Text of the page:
What Is Usability? Designing for Ease

Imagine you're a UX designer or UX researcher building a website. Can users easily find and browse product offerings despite never visiting the site before? Can they easily adjust items in their cart if they add something accidentally? Do customers leave the website feeling satisfied or confused and frustrated? These are some of the questions you'll address by thinking about usability.

What is Usability?

Usability is a way to measure how easy a product is to use. It is a concept in design circles to ensure products—whether websites, furniture, or hotel lobbies—can be used as simply and painlessly as possible. Jakob Nielsen, a pioneer of usability, outlines five components that define good usability:

Five Components of Usability

Learnability: A user should be able to learn to carry out simple tasks the first time they use a product.

Efficiency: Users should be able to complete tasks quickly once they've grasped the basic design of the product.

Memorability: Even if users don't use a product for a period of time, they should be able to come back and remember how to use it.

Errors: A user should make few severe errors, and a product should allow users to recover from them.

Satisfaction: Using a product should be a pleasant experience.

Usability Heuristics

In addition to the five components of usability, Jakob Nielsen defined the 10 usability heuristics. The usability heuristics are considered rules of thumb for designers who want to create intuitive products. The 10 heuristics of usability are as follows:

  • Visibility of system status
  • Match between the system and the real world
  • User control and freedom
  • Consistency and standards
  • Error prevention
  • Recognition rather than recall
  • Flexibility and efficiency of use
  • Aesthetic and minimalist design
  • Help users recover from errors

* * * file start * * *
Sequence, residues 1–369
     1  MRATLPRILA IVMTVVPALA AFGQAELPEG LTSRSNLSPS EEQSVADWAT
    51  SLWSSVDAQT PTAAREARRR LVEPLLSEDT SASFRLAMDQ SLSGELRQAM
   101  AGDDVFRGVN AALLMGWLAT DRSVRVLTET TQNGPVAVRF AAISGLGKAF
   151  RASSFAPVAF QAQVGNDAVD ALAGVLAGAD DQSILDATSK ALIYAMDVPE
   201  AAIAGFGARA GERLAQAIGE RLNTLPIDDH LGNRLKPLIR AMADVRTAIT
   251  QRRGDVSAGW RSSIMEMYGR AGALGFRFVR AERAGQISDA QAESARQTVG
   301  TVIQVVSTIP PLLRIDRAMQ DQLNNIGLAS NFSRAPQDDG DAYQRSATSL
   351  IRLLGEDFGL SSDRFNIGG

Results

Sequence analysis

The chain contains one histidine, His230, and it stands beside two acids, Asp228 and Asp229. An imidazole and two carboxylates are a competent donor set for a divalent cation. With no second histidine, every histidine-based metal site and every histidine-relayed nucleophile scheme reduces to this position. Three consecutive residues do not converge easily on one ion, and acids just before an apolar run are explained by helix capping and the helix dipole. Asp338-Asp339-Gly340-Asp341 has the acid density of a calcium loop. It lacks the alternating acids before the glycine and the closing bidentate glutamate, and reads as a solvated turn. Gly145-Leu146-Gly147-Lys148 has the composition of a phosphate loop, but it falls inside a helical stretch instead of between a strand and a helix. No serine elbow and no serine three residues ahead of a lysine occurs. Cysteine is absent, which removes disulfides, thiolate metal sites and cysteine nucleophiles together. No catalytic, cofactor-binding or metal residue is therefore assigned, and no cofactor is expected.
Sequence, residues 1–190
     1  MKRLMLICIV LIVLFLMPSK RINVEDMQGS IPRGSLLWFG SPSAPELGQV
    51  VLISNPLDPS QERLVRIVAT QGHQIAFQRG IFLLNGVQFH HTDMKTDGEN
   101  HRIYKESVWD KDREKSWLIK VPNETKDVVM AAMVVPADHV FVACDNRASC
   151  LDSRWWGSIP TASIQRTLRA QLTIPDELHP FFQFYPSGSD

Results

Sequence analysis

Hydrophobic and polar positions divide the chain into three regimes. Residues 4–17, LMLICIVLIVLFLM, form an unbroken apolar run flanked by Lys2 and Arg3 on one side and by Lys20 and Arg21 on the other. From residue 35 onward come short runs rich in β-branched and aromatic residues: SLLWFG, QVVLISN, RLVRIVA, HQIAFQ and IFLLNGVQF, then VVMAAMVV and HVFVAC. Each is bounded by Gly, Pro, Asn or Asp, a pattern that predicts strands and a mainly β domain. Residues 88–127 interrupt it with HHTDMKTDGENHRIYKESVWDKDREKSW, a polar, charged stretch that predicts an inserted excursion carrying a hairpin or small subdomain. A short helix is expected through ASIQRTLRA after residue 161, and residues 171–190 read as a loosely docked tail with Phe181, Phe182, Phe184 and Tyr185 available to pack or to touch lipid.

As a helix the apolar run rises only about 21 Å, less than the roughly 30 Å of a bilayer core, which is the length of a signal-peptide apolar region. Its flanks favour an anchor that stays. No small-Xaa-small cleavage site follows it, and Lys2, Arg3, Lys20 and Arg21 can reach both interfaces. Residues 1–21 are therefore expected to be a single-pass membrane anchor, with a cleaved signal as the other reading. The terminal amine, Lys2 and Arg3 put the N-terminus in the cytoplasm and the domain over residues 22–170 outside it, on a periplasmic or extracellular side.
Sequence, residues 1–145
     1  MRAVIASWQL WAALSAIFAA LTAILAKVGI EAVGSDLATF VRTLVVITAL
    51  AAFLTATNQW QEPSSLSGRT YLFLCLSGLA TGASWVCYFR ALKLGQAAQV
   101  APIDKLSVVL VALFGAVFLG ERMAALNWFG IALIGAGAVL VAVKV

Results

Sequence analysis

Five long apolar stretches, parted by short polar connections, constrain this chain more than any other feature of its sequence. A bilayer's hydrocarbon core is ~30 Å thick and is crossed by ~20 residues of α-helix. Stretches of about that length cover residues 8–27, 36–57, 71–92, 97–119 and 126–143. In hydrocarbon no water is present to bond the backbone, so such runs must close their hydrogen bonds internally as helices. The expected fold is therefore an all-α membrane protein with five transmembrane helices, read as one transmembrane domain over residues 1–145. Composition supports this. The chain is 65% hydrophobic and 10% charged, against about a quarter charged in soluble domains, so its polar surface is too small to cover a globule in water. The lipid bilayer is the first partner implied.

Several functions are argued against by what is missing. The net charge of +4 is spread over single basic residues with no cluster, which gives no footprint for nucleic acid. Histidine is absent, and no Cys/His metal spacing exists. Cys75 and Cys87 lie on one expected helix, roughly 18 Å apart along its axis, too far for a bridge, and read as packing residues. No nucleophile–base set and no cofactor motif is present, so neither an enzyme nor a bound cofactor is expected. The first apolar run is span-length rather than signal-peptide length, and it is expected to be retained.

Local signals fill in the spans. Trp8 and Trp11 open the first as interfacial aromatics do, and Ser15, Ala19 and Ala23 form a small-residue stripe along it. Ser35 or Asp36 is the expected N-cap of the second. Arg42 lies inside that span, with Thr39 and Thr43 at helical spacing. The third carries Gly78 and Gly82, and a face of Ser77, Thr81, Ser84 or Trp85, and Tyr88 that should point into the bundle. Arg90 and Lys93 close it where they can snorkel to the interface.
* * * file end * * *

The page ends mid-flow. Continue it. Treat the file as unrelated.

• Help and documentation

Why Does Usability Matter?

Good usability means users can accomplish their tasks quickly, with minimal stress and errors, and ultimately feel satisfied when interacting with a product. For companies creating products, this becomes important for attracting customers. Users are more likely to gravitate toward products with better usability and more likely to recommend those products to other people.

For websites, usability is particularly crucial. Visitors to a website can easily leave when they encounter difficulty or confusion. When you buy a physical product, you must go to the store or post office to return it. With a website, it's much easier to navigate away from a less-than-ideal product.

Usability Testing

Designers, user researchers, and usability specialists often run products through a process called usability testing, which can help determine what expectations, preferences, and troubles a user has. Once they have a clearer idea of what's going well—and what isn't—they can refine a design.

What is a Usability Test?

A usability test is a way to evaluate a product by testing it with real users. Usability testing takes several different forms, depending on which component is being measured. Here are a few examples of usability tests:

Card Sorting

Write out concepts (like features) on notecards, and ask participants to organize them into groups that make sense, then create labels for those groups. Card sorting is useful in organising a website or mobile app and is often used in the mockup or wireframing stage.